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Defense and security staff discuss innovative ways to resolve intercommunal violence in West Africa and the Sahel

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For several years, security threats have increased in West Africa and the Sahel, to the point of dangerously jeopardizing peace and stability of States. The evolving nature of threats and insecurity in the region is further aggravated by increasing inter-communal violence which has become particularly deadlier in the Sahelian zone (Mali, Burkina Faso and Niger) and Nigeria. Faced with this multiplicity of security challenges, national, regional and international stakeholders have embarked on responses using various prevention, response and mitigation tools. Security and Defense forces actions remain one of the critical and most frequently used tools in the region for preventing and managing security challenges. However, the security approach alone will not suffice if it’s not combined with other effective social and economic initiatives.

In this context, and in line with its mandate, the United Nations Office for West Africa and the Sahel (UNOWAS) organized on 24 October, in Dakar, a Conference on the role of defense and security forces in the prevention and management of intercommunal violence in West Africa and the Sahel.

“Addressing inter-communal violence requires holistic, full range of socio-economic, political, tackling of environmental and climate change issues, education, infrastructure development, social inclusion and respect for minority groups among others, as well as respect for human rights and the rule of law”, said the Special Representative of the United Nations Secretary General for West Africa and the Sahel, Mohamed Ibn Chambas.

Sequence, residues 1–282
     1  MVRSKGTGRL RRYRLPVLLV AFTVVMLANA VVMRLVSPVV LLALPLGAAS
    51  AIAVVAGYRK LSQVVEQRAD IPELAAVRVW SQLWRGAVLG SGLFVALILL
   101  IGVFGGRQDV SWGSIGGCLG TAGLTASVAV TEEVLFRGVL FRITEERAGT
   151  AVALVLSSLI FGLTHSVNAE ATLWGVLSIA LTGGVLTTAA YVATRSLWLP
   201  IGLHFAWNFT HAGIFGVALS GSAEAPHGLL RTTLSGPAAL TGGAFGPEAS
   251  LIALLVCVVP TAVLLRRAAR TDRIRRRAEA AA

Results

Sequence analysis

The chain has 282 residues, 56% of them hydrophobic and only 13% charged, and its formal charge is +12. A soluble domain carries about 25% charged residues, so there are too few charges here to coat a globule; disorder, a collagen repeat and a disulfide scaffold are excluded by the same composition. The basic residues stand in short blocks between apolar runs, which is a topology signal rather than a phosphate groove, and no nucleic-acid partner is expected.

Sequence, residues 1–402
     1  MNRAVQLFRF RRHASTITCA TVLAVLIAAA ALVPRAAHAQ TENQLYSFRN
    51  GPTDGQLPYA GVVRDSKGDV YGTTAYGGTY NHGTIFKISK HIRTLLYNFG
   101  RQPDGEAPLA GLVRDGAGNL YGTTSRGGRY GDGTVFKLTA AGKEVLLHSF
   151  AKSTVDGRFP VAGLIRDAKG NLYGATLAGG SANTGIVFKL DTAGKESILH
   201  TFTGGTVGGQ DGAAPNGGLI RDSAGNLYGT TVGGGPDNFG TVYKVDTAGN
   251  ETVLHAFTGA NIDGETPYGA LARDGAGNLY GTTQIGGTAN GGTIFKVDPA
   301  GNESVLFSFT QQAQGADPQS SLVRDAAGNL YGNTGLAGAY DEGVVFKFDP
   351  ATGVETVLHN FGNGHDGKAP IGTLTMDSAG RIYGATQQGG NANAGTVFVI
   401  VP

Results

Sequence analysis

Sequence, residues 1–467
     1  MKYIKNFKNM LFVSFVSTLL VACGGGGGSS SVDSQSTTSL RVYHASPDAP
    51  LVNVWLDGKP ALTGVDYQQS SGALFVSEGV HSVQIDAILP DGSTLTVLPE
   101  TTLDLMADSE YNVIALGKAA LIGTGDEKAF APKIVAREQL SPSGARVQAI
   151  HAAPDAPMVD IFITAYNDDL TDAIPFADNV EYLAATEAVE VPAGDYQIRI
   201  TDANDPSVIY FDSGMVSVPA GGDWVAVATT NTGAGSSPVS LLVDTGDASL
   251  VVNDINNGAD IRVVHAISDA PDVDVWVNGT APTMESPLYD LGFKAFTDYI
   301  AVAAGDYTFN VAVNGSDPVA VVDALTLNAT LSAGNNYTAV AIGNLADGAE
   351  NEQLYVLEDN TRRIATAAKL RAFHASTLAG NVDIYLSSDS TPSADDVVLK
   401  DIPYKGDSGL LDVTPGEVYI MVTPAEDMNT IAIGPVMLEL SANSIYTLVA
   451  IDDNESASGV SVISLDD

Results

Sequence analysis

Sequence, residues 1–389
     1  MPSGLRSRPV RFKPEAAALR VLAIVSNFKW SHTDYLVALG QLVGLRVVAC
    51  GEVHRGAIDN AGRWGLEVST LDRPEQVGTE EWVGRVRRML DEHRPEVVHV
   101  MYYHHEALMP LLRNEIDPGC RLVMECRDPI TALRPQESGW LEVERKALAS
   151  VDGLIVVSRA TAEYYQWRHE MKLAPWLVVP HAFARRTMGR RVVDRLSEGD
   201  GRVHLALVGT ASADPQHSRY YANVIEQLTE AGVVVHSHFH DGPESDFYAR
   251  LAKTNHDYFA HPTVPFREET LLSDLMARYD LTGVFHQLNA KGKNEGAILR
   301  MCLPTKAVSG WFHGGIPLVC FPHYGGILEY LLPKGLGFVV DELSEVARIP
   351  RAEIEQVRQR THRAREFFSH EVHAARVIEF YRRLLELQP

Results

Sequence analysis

The increasing of intercommunity conflicts that are affecting the Sahel region, including absence of the state, proliferation of arms, erosion of traditional conflict resolution mechanisms and other underlying factors such as poverty and climate change, were the main issues discussed by the participants.

During the conference, participants also underlined the complexity of the phenomena, and the necessity to avoid a purely military approach by using a more targeted response that focuses on social inclusion through multi-disciplinary training of defense staff. “Inter-communal violence is now influenced by factors beyond the capacity of traditional or local and sometimes national security to prevent or manage. This therefore calls for innovative, effective and efficient stakeholder involvement to deal with the communal violence”, added Mr. Ibn Chambas.

Among the participants were defense and security staff from embassies of the region and the international community, NGOs, think tanks, as well as high-level military staff including former Head of the United Nations Mission in Central Africa (MINUSCA), Ghana’s Ambassador to Mali, Commander of French Forces in Senegal, Senior Police Advisor of United Nations Office in Central Africa (UNOCA).